Puto bumbóng is made from a unique heirloom variety of glutinous rice called pirurutong (also called tapol in Visayan) which is deep purple to almost black in color. The pirurutong is mixed with a larger ratio of white glutinous rice (malagkit or malagkit sungsong in Tagalog; pilit in Visayan). Regular white rice may also be used instead of malagkit, to give the dish a less chewy consistency. In the Philippines, puto bumbong is traditionally served in Christmas gatherings together with Bibingka.
The rice grains are covered completely in water (traditionally salted water) and allowed to soak overnight. This gives it a slightly acidic fermented aftertaste. The mixture is then drained and packed densely into bamboo tubes and steamed. The sides of the bamboo tubes are traditionally greased with coconut oil, but in modern versions, butter or margarine are commonly used. The rice is traditionally cooked as whole grains, but some versions ground the rice before or after soaking.
The resulting cylindrical rice cake is then served on banana leaves, slathered with more butter or margarine, and sprinkled with muscovado sugar (or just brown sugar/white sugar with or without sesame seeds) and grated coconut.
In the majority-Catholic Philippines, puto bumbóng is commonly served as a snack or breakfast during the Christmas season. It is usually associated with the nine-day traditional Simbang Gabi novena, where stalls serving snacks including puto bumbóng are set up outside churches.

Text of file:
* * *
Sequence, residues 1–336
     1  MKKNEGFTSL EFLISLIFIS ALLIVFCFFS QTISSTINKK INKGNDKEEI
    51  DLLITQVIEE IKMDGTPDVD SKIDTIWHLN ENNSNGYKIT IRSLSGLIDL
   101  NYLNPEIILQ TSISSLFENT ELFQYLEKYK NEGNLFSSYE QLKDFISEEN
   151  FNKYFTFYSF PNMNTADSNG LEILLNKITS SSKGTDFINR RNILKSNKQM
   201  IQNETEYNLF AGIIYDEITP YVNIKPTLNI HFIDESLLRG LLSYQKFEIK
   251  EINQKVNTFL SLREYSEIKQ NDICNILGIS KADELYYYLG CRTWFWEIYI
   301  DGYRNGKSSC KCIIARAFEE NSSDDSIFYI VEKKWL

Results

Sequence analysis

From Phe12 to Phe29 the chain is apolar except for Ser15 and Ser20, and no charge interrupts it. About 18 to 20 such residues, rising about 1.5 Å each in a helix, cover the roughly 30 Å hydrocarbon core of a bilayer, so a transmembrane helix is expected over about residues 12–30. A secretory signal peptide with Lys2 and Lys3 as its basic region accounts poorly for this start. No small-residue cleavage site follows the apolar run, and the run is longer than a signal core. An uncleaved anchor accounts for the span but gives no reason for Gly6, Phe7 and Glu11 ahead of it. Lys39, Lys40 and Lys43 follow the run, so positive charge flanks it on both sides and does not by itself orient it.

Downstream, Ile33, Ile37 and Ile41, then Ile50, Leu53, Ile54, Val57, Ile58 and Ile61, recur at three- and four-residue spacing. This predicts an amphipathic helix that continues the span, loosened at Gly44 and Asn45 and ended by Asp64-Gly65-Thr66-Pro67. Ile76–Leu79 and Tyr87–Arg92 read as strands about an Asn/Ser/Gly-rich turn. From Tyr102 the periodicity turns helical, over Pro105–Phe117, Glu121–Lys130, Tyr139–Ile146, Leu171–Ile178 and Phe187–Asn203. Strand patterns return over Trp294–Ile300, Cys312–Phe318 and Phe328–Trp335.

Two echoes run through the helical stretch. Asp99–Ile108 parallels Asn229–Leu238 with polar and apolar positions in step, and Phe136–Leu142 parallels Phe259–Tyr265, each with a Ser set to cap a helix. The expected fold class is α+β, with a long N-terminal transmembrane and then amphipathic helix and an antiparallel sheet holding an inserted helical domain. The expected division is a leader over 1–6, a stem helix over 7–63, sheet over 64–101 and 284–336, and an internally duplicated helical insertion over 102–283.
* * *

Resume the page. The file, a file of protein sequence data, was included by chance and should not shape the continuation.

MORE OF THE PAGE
Modern puto bumbóng may use metal cylinders or just regular steamers. These versions are commonly shaped into little balls or long narrow tubes (similar to suman). In some modern versions, pirurutong (which is endangered) is excluded altogether, and purple food coloring or even purple yam (ube) flour is used instead. However, these versions are frowned upon as being inauthentic.
In Indonesia, Malaysia, and other Maritime Southeast Asian countries, similar dishes are known as kue putu in Indonesian or putu bambu in Malay. They are usually green in color due to the use of pandan leaves for flavoring.
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